Hispanic voting rights advocates, Democrats, seeking federal injunction of Schwarzenegger's compressed election schedule...
By Brad Friedman on 5/6/2010, 2:41pm PT  

It's not just the troops and the election officials who are now acting on concerns of disenfranchisement. Now the Hispanic community and Democrats are charging the Governator's special election dates will "thwart voter turnout within minorities communities".

On the heels of The BRAD BLOG's coverage yesterday reporting on worries that thousands of overseas and military voters could be disenfranchised by CA Gov. Arnold Schwarzenegger's order for an early special election schedule in the state, and that election officials were "outraged" by the timing and concerned about the costs, minority groups and the Democratic Party are now filing suit to halt the impending election, charging the compressed dates are in violation of federal law.

A nine-page complaint [PDF] was filed in the Northern California U.S. District Court today by three Hispanic plaintiffs seeking "a temporary restraining order, a preliminary injunction and a permanent injunction" to halt the impending June 22nd special primary election date to fill a vacancy in Senate District 15 following the appointment of Abel Maldonado as Lt. Governor. The lawsuit is being funded by the state Democratic Party.

The suit charges that the short time-line for the special election schedule did not leave time for the required preclearance of the election dates under Section 5 of the federal Voting Rights Act. Monterey County, one of five included in SD 15, is covered by Section 5, a provision which requires the Dept. of Justice to pre-approve changes to voting laws in jurisdictions around the country where minorities have been historically disenfranchised.

Yesterday, retired twenty-year armed services veteran and Monterey talk-radio host Scott Dick detailed how the expedited special election schedule meant that ballots could not possibly be printed and sent to military family and personnel serving overseas prior to the 45-day minimum requirement of the federal Military and Overseas Voter Empowerment (MOVE) Act. He charged that there will not be enough time for those voters to receive and return their ballots in time to be counted in the special election.

State election officials, The BRAD BLOG has learned, share similar worries...

Gail Pellerin, Vice-President of the CA Assoc. of Clerks and Election Officials (CACEO) and County Clerk/Registrar of Voters for Santa Cruz County, told The BRAD BLOG that election officials in the five counties were "outraged by the Governor's decision" to call special election dates, rather than consolidating them with existing scheduled elections this year. The extra elections could, she says, cost the cash-strapped state as much as $6 million dollars, "money counties do not have." Earlier this week, the CACEO sent a letter [PDF] to Schwarzenegger detailing their concerns. The election officials' association has also posted a bullet-point document [PDF] describing eight "barriers to conducting a June 22 special vacancy primary two weeks after the statewide primary."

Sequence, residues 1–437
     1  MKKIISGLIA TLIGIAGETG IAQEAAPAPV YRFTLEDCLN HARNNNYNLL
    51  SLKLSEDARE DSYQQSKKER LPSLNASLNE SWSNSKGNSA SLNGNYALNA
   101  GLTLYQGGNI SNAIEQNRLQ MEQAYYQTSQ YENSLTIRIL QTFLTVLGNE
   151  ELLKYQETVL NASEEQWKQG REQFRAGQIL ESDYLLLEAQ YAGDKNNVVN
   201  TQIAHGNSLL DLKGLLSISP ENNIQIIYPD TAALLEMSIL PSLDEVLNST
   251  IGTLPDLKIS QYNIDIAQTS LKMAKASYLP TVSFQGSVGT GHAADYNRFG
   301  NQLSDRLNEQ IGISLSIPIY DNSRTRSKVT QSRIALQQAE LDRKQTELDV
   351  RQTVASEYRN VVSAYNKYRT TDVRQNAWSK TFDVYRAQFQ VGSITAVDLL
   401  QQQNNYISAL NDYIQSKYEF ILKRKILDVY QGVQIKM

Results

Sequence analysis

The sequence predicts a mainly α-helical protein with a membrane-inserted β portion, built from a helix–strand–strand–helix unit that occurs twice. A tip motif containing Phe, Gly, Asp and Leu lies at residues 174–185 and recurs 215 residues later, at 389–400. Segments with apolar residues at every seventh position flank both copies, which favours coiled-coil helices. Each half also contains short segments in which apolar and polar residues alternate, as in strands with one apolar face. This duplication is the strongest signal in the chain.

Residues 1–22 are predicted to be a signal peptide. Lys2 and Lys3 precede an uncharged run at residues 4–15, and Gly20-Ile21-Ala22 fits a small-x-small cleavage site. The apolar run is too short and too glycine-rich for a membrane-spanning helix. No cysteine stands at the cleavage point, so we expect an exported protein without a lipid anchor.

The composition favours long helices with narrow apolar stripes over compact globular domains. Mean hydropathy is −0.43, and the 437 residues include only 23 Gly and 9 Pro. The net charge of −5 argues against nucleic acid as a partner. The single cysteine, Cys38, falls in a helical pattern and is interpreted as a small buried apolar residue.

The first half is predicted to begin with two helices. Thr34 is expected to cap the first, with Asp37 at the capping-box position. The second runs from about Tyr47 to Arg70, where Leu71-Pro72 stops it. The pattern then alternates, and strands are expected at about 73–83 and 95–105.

Calling it "the worst of worse case scenarios", Pellerin told us she concurred with Dick's charges about overseas troops being unable to receive and return their ballots in time to be counted, since even under the best case scenario, the currently-mandated time-line would not allow counties to mail out ballots prior to the 45-day deadline of federal law.

"Military voters are definitely disenfranchised," Pellerin said.

Though a special state election for state Senate does not fall under the federal jurisdiction of the MOVE Act, Schwarzenegger is "most certainly violating it in spirit," Dick wrote.

Federal law, however, does come into play in the case of the Voting Rights Act (VRA) and the alleged violation of Section 5 in Monterey.

In a statement [PDF] released by plaintiffs' attorneys accompanying the complaint filed earlier today, attorney Joaquin Avila said "The Governor's decision on calling this election will disenfranchise Latino voters in Monterey County." Avila called for Schwarzenegger to consolidate the election with the existing general election schedule to permit "the United States Attorney General to review the impact of this election date change on minority voting strength within the statutory 60 day time period specified by Section 5."

"Our right to vote is sacred and the decision to hold a special election for a senate district seat will thwart voter turnout within minority communities," the voting rights attorney said, describing the Governor's current proclamation as "unacceptable".

Commenting on today's lawsuit, Pellerin told The BRAD BLOG: "I support this lawsuit and hope they are successful. Minority voter disenfranchisement is one of many injustices caused by the Governor calling for two separate elections, rather than consolidate the election with the November 2, 2010 General."

Schwarzenegger may voluntarily change the date of the election, though it is believed he would have to do so by the end of this week to stay within state statutes. Comment may be left with his office via phone at 916-445-2841 or via email at this page.

Previously related at The BRAD BLOG:
Schwarzenegger May Disenfranchise Thousands of Overseas Troops with Early Special Election Date

UPDATE 5/13/10: Federal judge orders state to 'Show Cause' as to why special primary should not be postponed without pre-clearance under the Voting Rights Act from the Dept. of Justice. Details, court order, now here...

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